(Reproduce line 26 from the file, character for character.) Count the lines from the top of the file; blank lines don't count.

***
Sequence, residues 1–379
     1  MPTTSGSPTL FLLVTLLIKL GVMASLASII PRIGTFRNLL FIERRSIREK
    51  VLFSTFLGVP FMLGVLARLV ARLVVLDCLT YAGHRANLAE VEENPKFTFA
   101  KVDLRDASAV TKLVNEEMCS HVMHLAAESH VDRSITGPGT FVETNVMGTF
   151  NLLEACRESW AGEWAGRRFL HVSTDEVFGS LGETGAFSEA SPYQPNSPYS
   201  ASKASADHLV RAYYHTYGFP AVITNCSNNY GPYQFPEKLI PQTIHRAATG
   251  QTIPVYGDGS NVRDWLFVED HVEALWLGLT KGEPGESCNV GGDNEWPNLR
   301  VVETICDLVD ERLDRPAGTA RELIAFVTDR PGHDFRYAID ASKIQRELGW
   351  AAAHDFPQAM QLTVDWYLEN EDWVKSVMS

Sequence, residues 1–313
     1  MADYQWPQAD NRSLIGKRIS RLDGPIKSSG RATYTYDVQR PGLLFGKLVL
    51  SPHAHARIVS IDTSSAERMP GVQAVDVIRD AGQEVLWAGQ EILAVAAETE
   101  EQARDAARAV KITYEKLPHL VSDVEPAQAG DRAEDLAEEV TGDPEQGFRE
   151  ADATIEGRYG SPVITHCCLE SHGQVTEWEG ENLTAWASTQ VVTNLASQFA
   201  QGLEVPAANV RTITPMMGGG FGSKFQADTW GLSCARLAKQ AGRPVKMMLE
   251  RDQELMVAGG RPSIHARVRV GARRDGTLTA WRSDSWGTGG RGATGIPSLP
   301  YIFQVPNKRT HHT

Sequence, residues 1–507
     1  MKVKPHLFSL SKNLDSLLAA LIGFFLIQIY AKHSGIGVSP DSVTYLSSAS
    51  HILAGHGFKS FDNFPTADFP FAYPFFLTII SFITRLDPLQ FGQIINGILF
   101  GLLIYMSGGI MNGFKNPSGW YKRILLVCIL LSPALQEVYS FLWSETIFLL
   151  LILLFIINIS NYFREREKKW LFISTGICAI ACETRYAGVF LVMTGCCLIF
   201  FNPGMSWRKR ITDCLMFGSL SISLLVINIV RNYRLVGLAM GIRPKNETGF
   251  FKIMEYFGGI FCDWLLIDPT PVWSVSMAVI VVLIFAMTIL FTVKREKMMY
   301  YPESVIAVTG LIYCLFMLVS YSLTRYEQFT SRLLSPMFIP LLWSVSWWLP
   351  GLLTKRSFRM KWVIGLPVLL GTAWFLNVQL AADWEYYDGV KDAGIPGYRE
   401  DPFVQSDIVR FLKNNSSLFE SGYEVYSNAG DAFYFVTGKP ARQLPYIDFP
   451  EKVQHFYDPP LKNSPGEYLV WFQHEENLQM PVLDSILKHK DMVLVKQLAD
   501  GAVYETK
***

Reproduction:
   351  GLLTKRSFRM KWVIGLPVLL GTAWFLNVQL AADWEYYDGV KDAGIPGYRE